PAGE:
Education, Training, Experience

  • Education - Most occupations in this zone require training in vocational schools, related on-the-job experience, or an associate's degree.
  • Training - Employees in these occupations usually need one or two years of training involving both on-the-job experience and informal training with experienced workers. A recognized apprenticeship program may be associated with these occupations.
  • Experience - Previous work-related skill, knowledge, or experience is required for these occupations. For example, an electrician must have completed three or four years of apprenticeship or several years of vocational training, and often must have passed a licensing exam, in order to perform the job.


  • Physics - Knowledge and prediction of physical principles, laws, their interrelationships, and applications to understanding fluid, material, and atmospheric dynamics, and mechanical, electrical, atomic and sub- atomic structures and processes.
  • English Language - Knowledge of the structure and content of the English language including the meaning and spelling of words, rules of composition, and grammar.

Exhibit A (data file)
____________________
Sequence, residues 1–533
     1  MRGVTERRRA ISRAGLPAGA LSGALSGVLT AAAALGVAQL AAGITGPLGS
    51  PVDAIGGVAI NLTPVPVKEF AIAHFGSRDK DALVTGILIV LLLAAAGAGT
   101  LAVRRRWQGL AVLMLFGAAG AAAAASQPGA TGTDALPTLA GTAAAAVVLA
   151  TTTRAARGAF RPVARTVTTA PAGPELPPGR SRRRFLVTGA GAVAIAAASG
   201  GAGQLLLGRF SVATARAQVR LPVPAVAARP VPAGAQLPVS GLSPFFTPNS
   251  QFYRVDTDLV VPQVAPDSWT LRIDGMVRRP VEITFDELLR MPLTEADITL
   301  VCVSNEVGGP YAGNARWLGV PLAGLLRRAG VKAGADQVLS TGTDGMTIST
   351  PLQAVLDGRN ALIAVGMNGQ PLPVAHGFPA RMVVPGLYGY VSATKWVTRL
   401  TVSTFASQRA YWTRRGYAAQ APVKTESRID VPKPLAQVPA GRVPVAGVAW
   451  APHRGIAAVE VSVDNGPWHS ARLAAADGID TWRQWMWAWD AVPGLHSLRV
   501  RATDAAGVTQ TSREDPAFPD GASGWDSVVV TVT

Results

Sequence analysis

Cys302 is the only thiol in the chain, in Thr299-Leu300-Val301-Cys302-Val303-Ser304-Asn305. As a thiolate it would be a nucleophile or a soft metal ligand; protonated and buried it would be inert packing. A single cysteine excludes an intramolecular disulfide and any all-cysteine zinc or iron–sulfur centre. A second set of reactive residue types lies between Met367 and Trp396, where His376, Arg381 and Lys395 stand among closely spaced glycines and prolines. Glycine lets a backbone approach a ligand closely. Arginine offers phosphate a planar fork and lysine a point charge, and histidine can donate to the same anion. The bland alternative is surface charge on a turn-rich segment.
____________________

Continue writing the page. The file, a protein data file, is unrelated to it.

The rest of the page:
• Chemistry - Knowledge of the chemical composition, structure, and properties of substances and of the chemical processes and transformations that they undergo. This includes uses of chemicals and their interactions, danger signs, production techniques, and disposal methods.
  • Public Safety and Security - Knowledge of relevant equipment, policies, procedures, and strategies to promote effective local, state, or national security operations for the protection of people, data, property, and institutions.
  • Education and Training - Knowledge of principles and methods for curriculum and training design, teaching and instruction for individuals and groups, and the measurement of training effects.
  • Customer and Personal Service - Knowledge of principles and processes for providing customer and personal services. This includes customer needs assessment, meeting quality standards for services, and evaluation of customer satisfaction.
  • Building and Construction - Knowledge of materials, methods, and the tools involved in the construction or repair of houses, buildings, or other structures such as highways and roads.
  • Mechanical - Knowledge of machines and tools, including their designs, uses, repair, and maintenance.


  • Critical Thinking - Using logic and reasoning to identify the strengths and weaknesses of alternative solutions, conclusions or approaches to problems.

Related Careers

  • Aircraft Structure, Surfaces, Rigging, and Systems Assemblers
  • Boilermakers
  • Construction Carpenters
  • Helpers--Pipelayers, Plumbers, Pipefitters, and Steamfitters
  • Pipe Fitters and Steamfitters
  • Rail Car Repairers
  • Refractory Materials Repairers, Except Brickmasons
  • Welders, Cutters, and Welder Fitters
Wages for this career